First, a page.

The point where the original strap buttons were mounted were drilled out with a 5/8" Forstner bit to a depth that allows the new Straplok locking strap buttons to be flush with the surrounding surface. These buttons are not necessary, but they somehow find their way onto most of my stage instruments.

Adding a new nut
The octave mando is next fitted with a new nut after first trimming the nut blank to the correct length. Sand the front and rear face of the nut blank to achieve a tight fit in the nut slot. Sand a wooden pencil down until it is reduced to a "half-pencil" as shown here. Sharpen the point and mark a line on the face of the nut by placing the half-pencil across the first and second frets. This line will be used as a reference when cutting the string slots.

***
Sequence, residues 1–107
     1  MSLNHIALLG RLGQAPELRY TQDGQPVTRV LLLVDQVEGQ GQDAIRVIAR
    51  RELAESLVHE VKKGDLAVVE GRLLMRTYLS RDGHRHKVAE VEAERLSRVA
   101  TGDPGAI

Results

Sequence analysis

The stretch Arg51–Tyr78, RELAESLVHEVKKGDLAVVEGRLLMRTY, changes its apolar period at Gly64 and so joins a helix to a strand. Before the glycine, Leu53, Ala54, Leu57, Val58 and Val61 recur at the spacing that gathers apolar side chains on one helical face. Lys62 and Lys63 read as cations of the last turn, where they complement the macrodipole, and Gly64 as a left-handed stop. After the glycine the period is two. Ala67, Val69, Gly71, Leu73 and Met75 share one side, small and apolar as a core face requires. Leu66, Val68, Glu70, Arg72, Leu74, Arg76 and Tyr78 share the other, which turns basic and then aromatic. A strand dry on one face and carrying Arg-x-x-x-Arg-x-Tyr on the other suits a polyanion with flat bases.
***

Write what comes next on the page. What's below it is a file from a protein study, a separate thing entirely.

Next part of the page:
Remove the nut and carefully sand the edge of the blank to within 1/16" of this line. Use the disc portion of the Delta 4" belt/disc sander to reduce the height of the blank to the desired dimension. To do this safely, a zero-clearance table is used to allow the blank to be sanded without fear of it being caught and pulled between the table and the sanding disc. Adjust the table for about 3 degrees of tilt and sand a matching angle on a scrap of plywood that will be clamped to the top of the regular table to form the "zero-clearance" table. The slight tilt added to the top of the nut matches the angle of the headstock to add visual appeal. The nut is sanded down to within 1/16" of the reference line.

Layout of string position on new nut